The secret of Second Life®’s success was, however, accompanied by an adaptation of the word to describe not only Linden’s product, but a new concept that did not exist before: a community of users that generate content in a shared environment, using Linden’s tools and Linden-managed computer servers to provide an interconnected grid where this content can exist. The usage of “Second Life” was never strictly associated with the client software (the 3D viewer installed on users’ computers), the server software (running on Linden’s servers), or the communication protocol (which, until recently, was even unnamed). Rather, “Second Life” was employed, for the past four years, to describe all the above together as a technology empowering user-created content in a virtual world environment using Linden’s technology. The subtle difference has, however, huge implications. “Second Life”, as employed on the 24 million links stored by Google,(ref) describes not patented software (the Second Life® client is, indeed, free and open source) nor a “technology”, but an “environment”, a “virtual world”.
The situation is very analogous to the usage of the terms “World-Wide Web” or “Internet” (the latter having at some point been trademarked by Microsoft around 1995, with little success), both describing a certain use of several technologies, hardware, software, and telecommunications, but where no definite claim can be made on the resulting environment created by a community of users. Derivative words like “Internet Service Provider” or “Web consultant” are popularly used. The difference between those two terms is that no organisation currently managed to secure a claim to those names.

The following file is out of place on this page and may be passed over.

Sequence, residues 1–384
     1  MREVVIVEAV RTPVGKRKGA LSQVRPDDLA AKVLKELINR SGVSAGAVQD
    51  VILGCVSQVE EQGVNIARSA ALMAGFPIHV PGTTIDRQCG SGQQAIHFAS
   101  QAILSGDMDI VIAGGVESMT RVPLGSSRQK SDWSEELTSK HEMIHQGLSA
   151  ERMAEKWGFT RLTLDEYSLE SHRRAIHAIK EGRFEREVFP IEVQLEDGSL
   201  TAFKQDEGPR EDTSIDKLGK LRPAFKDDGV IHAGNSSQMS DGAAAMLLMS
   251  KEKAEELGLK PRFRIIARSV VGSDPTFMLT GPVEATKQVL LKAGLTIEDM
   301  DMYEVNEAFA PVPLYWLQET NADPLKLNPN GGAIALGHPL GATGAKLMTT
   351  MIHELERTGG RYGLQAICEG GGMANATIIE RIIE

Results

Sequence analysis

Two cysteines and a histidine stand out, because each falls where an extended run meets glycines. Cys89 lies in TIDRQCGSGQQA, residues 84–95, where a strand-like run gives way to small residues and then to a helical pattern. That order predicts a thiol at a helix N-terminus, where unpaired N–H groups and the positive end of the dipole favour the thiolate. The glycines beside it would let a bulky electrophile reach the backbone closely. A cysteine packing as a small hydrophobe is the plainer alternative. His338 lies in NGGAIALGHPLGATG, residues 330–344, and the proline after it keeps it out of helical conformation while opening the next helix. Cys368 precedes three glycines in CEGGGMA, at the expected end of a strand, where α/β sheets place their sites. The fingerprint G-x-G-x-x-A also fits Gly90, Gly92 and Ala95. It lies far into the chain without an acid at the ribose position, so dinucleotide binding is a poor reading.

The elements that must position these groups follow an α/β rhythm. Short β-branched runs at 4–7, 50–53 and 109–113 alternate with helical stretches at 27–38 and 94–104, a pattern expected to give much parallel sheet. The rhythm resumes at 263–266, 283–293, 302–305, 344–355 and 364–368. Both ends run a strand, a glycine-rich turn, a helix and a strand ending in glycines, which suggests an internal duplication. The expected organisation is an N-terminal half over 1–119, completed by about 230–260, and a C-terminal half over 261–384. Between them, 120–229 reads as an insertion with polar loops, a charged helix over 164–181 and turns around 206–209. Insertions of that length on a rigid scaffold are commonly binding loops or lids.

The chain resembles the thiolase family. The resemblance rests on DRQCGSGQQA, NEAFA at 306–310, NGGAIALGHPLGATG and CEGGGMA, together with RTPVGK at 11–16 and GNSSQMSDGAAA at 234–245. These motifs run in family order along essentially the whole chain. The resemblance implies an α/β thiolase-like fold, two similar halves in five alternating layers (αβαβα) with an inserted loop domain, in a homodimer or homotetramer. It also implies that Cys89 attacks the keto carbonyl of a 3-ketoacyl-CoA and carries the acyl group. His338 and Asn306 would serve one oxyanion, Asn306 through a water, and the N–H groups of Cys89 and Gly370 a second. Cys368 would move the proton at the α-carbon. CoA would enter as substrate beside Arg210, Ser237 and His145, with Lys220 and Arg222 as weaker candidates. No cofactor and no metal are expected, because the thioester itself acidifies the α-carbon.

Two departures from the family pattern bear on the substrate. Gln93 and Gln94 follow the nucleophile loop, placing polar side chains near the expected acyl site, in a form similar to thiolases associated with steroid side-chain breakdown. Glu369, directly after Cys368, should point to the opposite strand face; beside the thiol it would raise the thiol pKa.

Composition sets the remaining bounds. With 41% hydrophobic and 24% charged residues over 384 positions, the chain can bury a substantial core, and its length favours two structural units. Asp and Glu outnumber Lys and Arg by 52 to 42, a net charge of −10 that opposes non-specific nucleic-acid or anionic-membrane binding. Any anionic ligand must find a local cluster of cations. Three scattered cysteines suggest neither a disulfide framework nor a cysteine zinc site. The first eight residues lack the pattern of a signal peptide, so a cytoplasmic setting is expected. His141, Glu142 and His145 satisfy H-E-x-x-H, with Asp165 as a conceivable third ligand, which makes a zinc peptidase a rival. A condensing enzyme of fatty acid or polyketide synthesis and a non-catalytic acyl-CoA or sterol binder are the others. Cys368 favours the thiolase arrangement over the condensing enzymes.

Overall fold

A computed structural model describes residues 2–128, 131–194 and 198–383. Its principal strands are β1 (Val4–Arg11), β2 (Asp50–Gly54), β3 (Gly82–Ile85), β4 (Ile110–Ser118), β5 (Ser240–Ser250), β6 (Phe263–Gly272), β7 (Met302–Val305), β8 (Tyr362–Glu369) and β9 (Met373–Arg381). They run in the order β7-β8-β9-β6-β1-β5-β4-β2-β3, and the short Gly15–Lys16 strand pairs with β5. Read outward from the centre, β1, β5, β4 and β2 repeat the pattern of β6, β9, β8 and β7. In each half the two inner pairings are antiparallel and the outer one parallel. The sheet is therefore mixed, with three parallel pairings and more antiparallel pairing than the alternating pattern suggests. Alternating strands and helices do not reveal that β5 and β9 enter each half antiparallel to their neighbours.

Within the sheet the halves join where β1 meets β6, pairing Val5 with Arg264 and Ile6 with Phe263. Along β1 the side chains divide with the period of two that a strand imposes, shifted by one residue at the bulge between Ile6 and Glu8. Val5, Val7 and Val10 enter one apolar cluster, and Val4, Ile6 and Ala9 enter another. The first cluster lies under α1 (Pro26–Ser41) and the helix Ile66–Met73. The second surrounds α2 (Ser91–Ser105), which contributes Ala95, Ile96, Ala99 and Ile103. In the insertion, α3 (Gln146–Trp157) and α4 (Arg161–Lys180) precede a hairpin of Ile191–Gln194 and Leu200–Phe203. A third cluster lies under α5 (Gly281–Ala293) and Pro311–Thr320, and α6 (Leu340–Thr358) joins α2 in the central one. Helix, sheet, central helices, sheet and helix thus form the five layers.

But further examples are also common, where registered trademarks have been adopted by a community of users generating content for their platforms. Thousands of sites and technologies have used the term “Mac” in their names, or even “Windows” (clear cases where the respective owners, Apple and Microsoft, have indeed solidly claimed their registered trademarks). “Mac” and “Windows” fansites abound and help the promotion of these technologies and platforms. The difference, in those two cases, is that the popularity of those technologies was heavily promoted by their owners through massive advertising and public relations. And still both companies “allow” the widespread use of their trademarked names in 3rd party websites, fansites, service providers, or even products!